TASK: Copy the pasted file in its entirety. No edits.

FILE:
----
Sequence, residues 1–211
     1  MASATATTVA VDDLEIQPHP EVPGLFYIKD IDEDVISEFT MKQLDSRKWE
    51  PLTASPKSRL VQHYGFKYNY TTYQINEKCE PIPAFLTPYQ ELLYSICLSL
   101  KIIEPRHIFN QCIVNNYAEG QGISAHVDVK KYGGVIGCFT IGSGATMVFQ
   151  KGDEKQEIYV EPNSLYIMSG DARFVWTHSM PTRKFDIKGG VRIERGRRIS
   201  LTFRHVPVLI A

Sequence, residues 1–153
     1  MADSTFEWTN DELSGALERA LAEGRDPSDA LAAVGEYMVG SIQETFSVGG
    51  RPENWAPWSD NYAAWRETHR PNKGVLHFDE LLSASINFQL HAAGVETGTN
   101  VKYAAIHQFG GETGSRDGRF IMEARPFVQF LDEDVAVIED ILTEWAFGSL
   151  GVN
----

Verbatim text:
Sequence, residues 1–211
     1  MASATATTVA VDDLEIQPHP EVPGLFYIKD IDEDVISEFT MKQLDSRKWE
    51  PLTASPKSRL VQHYGFKYNY TTYQINEKCE PIPAFLTPYQ ELLYSICLSL
   101  KIIEPRHIFN QCIVNNYAEG QGISAHVDVK KYGGVIGCFT IGSGATMVFQ
   151  KGDEKQEIYV EPNSLYIMSG DARFVWTHSM PTRKFDIKGG VRIERGRRIS
   201  LTFRHVPVLI A

Sequence, residues 1–153
     1  MADSTFEWTN DELSGALERA LAEGRDPSDA LAAVGEYMVG SIQETFSVGG
    51  RPENWAPWSD NYAAWRETHR PNKGVLHFDE LLSASINFQL HAAGVETGTN
   101  VKYAAIHQFG GETGSRDGRF IMEARPFVQF LDEDVAVIED ILTEWAFGSL
   151  GVN